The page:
# Units for a vector magnitude in the s-plane

• Joseph M. Zias
Joseph M. Zias
In the S plane we have a real component, usually called sigma, and the imaginary component, jw, in radians/sec. The real component is sometimes called nepers per second, with nepers being dimensionless. However, if we draw a vector in the s-plane, say s - s1, in polar form, what are the units of the magnitude of that vector.
I have read one suggestion that both axis are frequencies with unit sec^-1. If we forget about the axis names we could end up with a magnitude of sec^-1. Then when going back to the component form assign so much to the nepers and so much to the radians. That seems a bit odd so I ask opinions. What is the unit of the magnitude of a vector in the S-plane?

Joseph M. Zias said:
However, if we draw a vector in the s-plane, say s - s1, in polar form, what are the units of the magnitude of that vector.
$$e^{st}=e^{\sigma t}\ e^{j \omega t}$$
So all ##s,\sigma,\omega## have dimension T^-1, unit of sec^-1 in SI.
The difference of two vectors are so also, i. e,
So all ##\triangle s, \triangle \sigma,\triangle \omega## have dimension T^-1, unit of sec^-1 in SI.

We may write it in polar coordinate
$$\sigma + j\omega = \sqrt{\sigma^2+\omega^2}\ e^{j \ \tan^{-1} \frac{\omega}{\sigma}}$$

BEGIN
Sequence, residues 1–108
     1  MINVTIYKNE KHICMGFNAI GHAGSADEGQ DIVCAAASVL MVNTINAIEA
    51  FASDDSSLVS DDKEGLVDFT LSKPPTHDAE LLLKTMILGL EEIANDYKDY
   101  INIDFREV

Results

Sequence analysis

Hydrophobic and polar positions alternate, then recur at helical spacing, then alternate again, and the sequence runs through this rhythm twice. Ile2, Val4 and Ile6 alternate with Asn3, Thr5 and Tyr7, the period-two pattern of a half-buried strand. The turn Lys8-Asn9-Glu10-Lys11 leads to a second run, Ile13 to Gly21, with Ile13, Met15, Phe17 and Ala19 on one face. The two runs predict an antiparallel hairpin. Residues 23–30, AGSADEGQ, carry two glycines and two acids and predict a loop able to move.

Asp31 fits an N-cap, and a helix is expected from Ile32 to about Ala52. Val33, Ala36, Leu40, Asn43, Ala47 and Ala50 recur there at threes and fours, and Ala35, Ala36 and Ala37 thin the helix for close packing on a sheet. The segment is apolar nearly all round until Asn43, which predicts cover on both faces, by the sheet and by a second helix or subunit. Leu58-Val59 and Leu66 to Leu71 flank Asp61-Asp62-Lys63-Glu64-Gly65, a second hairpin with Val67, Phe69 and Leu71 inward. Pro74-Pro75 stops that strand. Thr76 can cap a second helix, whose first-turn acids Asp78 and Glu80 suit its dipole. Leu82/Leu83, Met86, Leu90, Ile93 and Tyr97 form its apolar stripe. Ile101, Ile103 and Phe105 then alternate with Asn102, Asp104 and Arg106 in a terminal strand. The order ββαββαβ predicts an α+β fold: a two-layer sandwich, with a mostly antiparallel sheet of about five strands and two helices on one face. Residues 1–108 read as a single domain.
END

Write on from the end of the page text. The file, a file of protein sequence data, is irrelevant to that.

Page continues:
You see radial part has dimension of T^-1 as well as ##\sigma, \omega## have it , and angle is dimensionless.

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berkeman
Well, I see the logic as I noted earlier. However, the dimensions of the y axis are radians/sec. How are we ignoring that in the quantity "square root (a^2+w^2).

A complex frequency plot requires the x and y axes have the same unit.

neper and radian are dimensionless. unit neper/second, rad/second both have dimension T^-1 as well.
$$\sigma + j\omega = \sqrt{\sigma^2+\omega^2}\ e^{j \ \tan^{-1} \frac{\omega}{\sigma}}$$
The radial part has unit neper/sec AND rad/sec of physical dimension T^-1. The angular part has no dimension.$$=\sqrt{\sigma^2+\omega^2}\cos( \tan^{-1} \frac{\omega}{\sigma})+j \sqrt{\sigma^2+\omega^2}\sin( \tan^{-1} \frac{\omega}{\sigma})$$
The first term which is real has unit neper/sec of physical dimension T^-1.
The sencond term which is imaginary has unit rad/sec of physical dimension T^-1.
We see neper/sec or rad/sec depends on it is real term or imaginary term on shoulder of e. I would like to disregard unit neper and radian and regard them just dimensionless numbers.

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Good point that radians are essentially dimensionless. In this case we have a magnitude of sec^-1 and then divide it up appropriately; as you note the real part gets nepers per second and the imaginary part gets radians per second. However, we could have also used frequency for the vertical axis, thus cycles per second. Cycles would not be dimensionless. By-the-way, I posted a similar problem in general physics using Velocity vs time.

cycle is radian / 2##\pi## so it is also dimensionless.

Well, very good comments and I think takes care of the S plane. Comments on the physics site are interesting.

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